The market for stocks right now is dominated by several major themes.
First, we are seeing a steady outperformance of so-called “value” stocks and “heavy cyclical” stocks when compared to “growth” and “big-tech” stocks.
Second, we are seeing an overall sideways range process dominate the major indices as the tug-of-war of this rotation plays out and big institutional investors brace for an eventual turn toward more hawkish monetary policy from the world’s major central banks.
Finally, we are seeing a steady boom in commodities plays, which is particularly evident in stocks in the oil patch.
The most important point to make in response to these facts is to understand that they are all related phenomena. In each case, the underlying culprit is an abiding faith among big money managers – supported by clear data trends – that the post-pandemic “reopening” process is happening sooner than expected and maybe bigger and more dramatic than expected in economic terms.
For investors who are starting to catch on to this connected set of dynamics, there are huge implications for the allocation of investment capital.
But there’s also a problem that needs to be solved: this whole scenario is being driven by surging demand and constricted supply. That applies to everything – labor, copper, oil, food, trade routes, semiconductors. It goes across the board.
The leading group right now is in the energy space, where this problem is perhaps most manifest. And we would argue that this poses a significant opportunity for stocks situated in the role of “alternative producers”.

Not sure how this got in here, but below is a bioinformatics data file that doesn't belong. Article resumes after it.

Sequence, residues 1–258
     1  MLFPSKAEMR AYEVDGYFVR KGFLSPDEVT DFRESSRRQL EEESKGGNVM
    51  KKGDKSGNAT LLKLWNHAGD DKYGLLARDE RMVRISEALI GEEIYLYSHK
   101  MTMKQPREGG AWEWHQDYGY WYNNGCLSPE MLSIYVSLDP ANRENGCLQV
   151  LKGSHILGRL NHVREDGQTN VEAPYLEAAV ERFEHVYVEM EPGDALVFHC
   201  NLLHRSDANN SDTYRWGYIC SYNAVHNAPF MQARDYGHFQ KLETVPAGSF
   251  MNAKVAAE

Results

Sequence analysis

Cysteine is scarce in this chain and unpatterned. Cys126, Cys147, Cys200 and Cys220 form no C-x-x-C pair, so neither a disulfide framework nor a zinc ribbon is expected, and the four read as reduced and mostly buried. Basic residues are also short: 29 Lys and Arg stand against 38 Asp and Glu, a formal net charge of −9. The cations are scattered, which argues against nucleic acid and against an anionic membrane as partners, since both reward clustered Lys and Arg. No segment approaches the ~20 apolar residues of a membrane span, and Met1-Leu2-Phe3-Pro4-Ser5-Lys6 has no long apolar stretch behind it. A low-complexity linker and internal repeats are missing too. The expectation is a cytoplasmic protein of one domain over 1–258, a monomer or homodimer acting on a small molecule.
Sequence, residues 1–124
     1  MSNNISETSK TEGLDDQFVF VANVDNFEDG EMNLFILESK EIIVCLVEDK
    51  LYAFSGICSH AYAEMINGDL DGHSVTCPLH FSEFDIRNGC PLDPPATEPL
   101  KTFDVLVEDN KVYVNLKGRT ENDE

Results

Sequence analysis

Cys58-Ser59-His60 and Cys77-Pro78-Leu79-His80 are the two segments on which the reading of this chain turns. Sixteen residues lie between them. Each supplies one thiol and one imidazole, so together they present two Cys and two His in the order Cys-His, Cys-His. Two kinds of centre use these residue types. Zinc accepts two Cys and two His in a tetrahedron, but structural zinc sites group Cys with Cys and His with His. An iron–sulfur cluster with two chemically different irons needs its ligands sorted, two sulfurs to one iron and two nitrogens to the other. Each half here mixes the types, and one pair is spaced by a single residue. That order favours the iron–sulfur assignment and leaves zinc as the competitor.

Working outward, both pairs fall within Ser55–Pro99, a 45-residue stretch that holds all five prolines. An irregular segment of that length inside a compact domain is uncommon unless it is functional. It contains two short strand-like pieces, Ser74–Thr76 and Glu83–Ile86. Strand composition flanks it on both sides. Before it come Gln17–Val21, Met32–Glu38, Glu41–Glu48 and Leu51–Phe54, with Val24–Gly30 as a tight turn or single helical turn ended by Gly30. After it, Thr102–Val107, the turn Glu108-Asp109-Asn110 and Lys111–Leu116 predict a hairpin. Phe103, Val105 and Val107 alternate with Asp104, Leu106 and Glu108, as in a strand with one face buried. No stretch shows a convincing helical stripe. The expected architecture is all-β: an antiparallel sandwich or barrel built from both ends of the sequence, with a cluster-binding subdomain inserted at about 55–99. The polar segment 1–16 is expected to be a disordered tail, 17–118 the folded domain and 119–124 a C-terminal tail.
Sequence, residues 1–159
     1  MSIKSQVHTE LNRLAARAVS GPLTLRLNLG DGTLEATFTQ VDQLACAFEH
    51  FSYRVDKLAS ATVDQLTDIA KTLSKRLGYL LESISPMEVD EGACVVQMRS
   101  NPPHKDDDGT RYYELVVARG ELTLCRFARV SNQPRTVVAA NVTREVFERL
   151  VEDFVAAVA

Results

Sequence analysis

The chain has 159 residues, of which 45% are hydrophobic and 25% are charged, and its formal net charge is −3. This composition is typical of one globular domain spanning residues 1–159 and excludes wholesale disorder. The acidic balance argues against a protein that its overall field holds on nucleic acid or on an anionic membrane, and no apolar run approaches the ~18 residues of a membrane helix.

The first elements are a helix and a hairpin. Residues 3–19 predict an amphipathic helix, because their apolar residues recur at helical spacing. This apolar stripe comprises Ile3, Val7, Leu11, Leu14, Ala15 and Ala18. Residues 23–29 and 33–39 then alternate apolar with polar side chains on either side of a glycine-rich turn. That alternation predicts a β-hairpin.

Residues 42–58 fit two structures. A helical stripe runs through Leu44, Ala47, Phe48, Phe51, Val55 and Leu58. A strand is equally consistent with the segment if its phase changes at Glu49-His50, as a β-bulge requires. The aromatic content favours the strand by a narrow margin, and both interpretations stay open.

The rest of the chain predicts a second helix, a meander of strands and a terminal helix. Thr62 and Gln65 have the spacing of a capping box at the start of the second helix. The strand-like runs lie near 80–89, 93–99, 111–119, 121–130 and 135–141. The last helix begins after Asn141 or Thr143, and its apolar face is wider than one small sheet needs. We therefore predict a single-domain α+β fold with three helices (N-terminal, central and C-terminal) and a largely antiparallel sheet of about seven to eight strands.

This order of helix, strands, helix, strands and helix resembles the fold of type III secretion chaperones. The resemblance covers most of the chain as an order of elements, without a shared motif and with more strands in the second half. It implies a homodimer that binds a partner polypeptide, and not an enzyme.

In other words, we are talking about stocks tethered to the thesis that oil demand will continue to boom, but that mainstream oil producers won’t, for a number of likely interconnected reasons, step up to the plate and placate that rising demand, which creates a special opportunity for players like Allied Energy (OTC US: AGYP), a small-cap in the energy space with an interesting angle on production that could prove to be significantly more responsive in monetizing the current macro context.
A Different Path
Allied Energy (AGYP) is engaged with a model for quickly juicing up production without having to discover, develop, and bring to market new oil wells.
This could be particularly important in the context of a world where the majors have abandoned their posts as expanders of oil production while the oil market apparently sits on a glide path toward a potentially historic oil shortage.
In short, AGYP is in the business of acquiring existing, developed wells and using industry-leading expertise to restore and optimize the production of those wells.
The company has acquired a number of promising candidates for this approach, with its most recent being its lease (financed through non-dilutive means) of 300 acres containing five oil wells in Crystal Falls, Texas, which are identified as part of the Annie Gilmer Lease.
According to the company’s most recent release last month, the Annie Gilmer lease is in the small community of Crystal Falls, Texas on the banks of the Clear Fork of the Brazos River, approximately thirty miles north of the town of Breckenridge, Texas.
The company notes that there are five wells on the lease that were drilled to the Mississippi formation, which is encountered at approximately 4100′ below the surface of the earth.